#449 Phantasy Star Online

Posted: 19th September 2019 by Jeroen in Games
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815th played so far

Genre: Action/Role-Playing
Platform: Dreamcast
Year of Release: 2000
Developer: Sonic Team
Publisher: Sega

Following the disappearance of City of Heroes (even if it was found to have fan servers online this year), we set off to play as many of the online games as possible, especially MMORPGs that rely on it so much. When doing so, however, we missed out on Phantasy Star Online, mostly because it has a single player mode… just one that you need to connect to a server to to play.

Thankfully, having researched it earlier this year, we found that there were ways of playing the game on fan servers and getting through that way, so that’s what we’ve been doing to try and see what this, the MMORPG adaption of a Japanese JRPG series, is about.

Our Thoughts

It’s weird to walk through what I guess is a semi-lobby for a multiplayer game when you’re playing single player. After the process of setting up your character – which took some guessing as to what’s what – you end up in the space station that orbits the world you’ll be exploring, and it’s a mostly empty error, shops in some corners, that feel lifeless without other players. It also meant I felt confidence being weird on my own, so I guess it’s all trade offs.

I think the single player missions are somewhat different from the multiplayer ones, with both being useful, but either way I can see the general pattern being similar. You teleport down to the planet – at least at first always to the same area, but you expand where you can go as you get further into the story. Still, you learn the first area inside and out, several doors preventing your transit so you have to take a different route each time, but you still know the places to hit up to get your supplies. It starts to wear out its welcome a bit earlier than it takes to get a new area, but at least it gets you more areas eventually.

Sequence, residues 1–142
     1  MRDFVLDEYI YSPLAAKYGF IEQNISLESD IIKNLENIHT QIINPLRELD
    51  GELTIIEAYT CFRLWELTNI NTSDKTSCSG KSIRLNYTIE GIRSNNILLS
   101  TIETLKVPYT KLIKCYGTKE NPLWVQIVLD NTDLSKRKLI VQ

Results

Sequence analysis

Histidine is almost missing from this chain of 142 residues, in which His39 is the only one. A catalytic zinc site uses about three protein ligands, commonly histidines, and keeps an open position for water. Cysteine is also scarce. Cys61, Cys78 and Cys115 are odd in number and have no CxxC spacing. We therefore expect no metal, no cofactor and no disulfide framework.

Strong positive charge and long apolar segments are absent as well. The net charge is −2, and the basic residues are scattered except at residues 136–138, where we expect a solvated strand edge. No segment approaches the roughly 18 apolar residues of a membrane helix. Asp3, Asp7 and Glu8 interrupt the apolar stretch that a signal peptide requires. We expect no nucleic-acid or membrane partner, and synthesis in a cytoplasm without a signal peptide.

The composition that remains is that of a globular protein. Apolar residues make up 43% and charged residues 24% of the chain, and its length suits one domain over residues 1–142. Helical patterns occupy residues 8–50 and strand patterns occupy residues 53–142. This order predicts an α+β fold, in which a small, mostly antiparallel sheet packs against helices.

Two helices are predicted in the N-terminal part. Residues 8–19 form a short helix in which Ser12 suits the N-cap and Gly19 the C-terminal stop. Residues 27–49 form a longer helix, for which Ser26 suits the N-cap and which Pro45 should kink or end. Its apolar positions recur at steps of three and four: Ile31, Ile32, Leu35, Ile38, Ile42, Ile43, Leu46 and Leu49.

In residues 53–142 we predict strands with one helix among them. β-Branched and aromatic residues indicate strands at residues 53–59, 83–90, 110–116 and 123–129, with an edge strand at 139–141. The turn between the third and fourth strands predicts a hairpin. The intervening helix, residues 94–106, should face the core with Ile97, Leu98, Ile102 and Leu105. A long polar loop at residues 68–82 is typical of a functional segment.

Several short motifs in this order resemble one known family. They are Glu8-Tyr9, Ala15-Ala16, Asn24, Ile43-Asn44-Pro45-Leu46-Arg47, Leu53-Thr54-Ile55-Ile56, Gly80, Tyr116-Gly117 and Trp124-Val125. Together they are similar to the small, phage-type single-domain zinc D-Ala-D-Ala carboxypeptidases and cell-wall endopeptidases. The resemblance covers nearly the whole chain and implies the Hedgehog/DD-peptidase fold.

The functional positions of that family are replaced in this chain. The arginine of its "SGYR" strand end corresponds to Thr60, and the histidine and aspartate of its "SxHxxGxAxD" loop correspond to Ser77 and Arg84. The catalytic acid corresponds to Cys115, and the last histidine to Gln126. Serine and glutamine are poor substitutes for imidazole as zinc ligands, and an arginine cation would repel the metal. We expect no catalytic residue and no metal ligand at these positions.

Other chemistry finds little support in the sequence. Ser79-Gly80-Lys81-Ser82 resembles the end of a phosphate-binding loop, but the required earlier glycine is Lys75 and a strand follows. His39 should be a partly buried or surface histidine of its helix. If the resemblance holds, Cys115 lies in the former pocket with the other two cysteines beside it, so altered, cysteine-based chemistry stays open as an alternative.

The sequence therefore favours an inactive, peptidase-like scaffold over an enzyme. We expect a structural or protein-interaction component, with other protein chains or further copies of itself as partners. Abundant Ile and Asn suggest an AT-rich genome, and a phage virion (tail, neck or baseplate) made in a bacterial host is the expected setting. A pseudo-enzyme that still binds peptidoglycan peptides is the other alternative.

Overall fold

Character building is fairly straight forward. Partially you have the JRPG levelups, while you need to buy additional techniques and spells using your profit. It’s not too complicated, but the mysterious names means I needed a guide to really see what’s going on. The combat itself isn’t the best with those – the auto aim tends to lose focus quite quickly and when you rely on your spells, that leads to a lot of wasted tech points (the game’s MP). I probably made a mistake by picking a magic focused character here, but it still felt unnecessarily annoying. I hope this is better in multiplayer, though – this might have been me and bad AI on the NPC helpers.

Final Thoughts

One of the issues I obviously have is that this is an old MMO that hasn’t had the time put into it to upgrade it to modern standards. Its sequel is still online, but with only fans keeping the servers running, we have  a status quo where the game doesn’t move, and where some of the possible online appeal is lessened from its unofficial status. Still, there’s a decent game underneath and I can see how playing this with others could have been fun – especially with its sci fi story setting it apart from standard fantasy fare.